A Closer Look at Klout

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What is Klout?

Klout is a social media influence measurement system.

What Klout Does:

Klout is a service that gives everybody on social media a way to measure your social media influence. Klout is “a website and mobile app that uses social media analytics to rate its users according to online social influence via the ‘Klout Score’, which is a numerical value between 1 and 100. In determining the user score, Klout measures the size of a user’s social media network and correlates the content created to measure how other users        interact with that content” (Parr 2011). It’s similar to the way that celebrities are given Q Scores.

Klout determines a user’s score based on activity and engagement on these social media channels: Facebook, Twitter, Instagram, Google+, Bing, LinkedIn, Foursquare, and Wikipedia

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The History of Klout:

Klout founder Joe Fernandez got the idea for Klout in 2007, while recovering from jaw surgery where he couldn’t speak to anyone for months. He realized that social media could be used to influence people, and he liked that some people were more influential than others.

After spending months in Singapore with a coding team he’d hired, Fernandez was back in his hometown of New York City and had launched Klout via a single tweet on Christmas Eve 2008.

By 2009, headquarters were relocated to San Francisco, CA in order to be closer to the rest of the social media giants.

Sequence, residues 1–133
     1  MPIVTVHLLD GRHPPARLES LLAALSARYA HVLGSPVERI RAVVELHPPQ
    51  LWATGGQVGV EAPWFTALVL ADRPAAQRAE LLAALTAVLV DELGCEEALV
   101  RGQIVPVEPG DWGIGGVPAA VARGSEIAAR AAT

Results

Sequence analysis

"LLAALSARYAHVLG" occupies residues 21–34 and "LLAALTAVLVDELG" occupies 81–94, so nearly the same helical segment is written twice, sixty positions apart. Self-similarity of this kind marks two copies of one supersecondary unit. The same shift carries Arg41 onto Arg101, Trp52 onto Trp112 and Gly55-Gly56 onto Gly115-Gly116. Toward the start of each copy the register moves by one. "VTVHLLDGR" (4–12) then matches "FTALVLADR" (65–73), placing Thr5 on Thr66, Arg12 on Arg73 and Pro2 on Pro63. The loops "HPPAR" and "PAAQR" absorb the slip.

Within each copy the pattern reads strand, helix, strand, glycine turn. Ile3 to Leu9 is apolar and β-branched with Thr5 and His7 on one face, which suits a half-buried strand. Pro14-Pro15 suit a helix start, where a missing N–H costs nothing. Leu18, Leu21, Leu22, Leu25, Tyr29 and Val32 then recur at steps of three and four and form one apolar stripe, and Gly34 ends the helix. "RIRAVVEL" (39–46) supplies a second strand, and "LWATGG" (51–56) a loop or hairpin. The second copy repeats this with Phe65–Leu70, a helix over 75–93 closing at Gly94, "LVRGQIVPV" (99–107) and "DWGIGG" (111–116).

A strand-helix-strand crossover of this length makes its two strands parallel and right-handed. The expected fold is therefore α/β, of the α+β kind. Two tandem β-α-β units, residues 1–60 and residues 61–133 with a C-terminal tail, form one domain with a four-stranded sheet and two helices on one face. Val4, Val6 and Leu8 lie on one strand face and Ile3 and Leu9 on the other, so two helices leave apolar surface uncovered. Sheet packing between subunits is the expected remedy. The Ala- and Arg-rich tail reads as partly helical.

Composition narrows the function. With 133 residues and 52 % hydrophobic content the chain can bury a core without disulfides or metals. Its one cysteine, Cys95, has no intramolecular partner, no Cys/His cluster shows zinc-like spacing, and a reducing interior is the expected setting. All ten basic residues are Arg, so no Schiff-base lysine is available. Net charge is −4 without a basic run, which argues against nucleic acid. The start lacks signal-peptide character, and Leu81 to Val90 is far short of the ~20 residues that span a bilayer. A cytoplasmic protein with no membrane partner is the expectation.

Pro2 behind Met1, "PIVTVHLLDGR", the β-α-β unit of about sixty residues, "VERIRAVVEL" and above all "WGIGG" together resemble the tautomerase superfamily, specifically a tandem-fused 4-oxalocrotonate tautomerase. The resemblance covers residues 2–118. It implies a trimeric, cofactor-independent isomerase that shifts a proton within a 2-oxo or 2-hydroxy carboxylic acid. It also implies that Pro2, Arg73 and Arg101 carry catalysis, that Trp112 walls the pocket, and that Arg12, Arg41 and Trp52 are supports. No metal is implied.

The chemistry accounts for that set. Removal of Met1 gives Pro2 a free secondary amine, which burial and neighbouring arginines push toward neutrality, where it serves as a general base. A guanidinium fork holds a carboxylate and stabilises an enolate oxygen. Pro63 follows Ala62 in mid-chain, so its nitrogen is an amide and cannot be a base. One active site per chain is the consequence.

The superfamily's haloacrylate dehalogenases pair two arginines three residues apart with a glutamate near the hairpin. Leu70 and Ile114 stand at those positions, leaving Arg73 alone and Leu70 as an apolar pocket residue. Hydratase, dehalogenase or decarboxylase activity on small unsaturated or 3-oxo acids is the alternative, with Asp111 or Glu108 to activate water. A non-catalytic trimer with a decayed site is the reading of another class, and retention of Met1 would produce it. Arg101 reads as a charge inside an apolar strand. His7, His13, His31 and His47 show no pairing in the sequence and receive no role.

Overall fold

In 2011, users were able to connect their Facebook, foursquare and LinkedIn.

In 2012, Klout launched a feature that showcased user’s biggest moments on their profiles. Also in 2012, Microsoft invested in Klout, and eventually led to a partnership with Bing, making Klout scores part of search results.

In 2013, user’s got to showcase their biggest Instagram moments on their profiles.

In 2014, Klout was acquired by Lithium Technologies, and most of the “perks” programs were diminished from there along with the popularity of the company in general.

Klout’s Target Audience:

While anybody and everybody with at least one of the featured social media accounts can use Klout, only those who are truly interested, dare I say obsessed, with social media and the power of being considered “influential” are the core demographic. “Klout matters today for those who are influencers or those who want to be influential. This is particularly true for people like authors, professional speakers, actors, marketing professionals and other thought leaders” (Palermo 2013). This means Klout is great for brands to find influencers to promote and endorse their products. Those with a high Klout score often received freebies (aka Perks) from brands in exchange for posting them on social media.

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Amount of Users On Klout: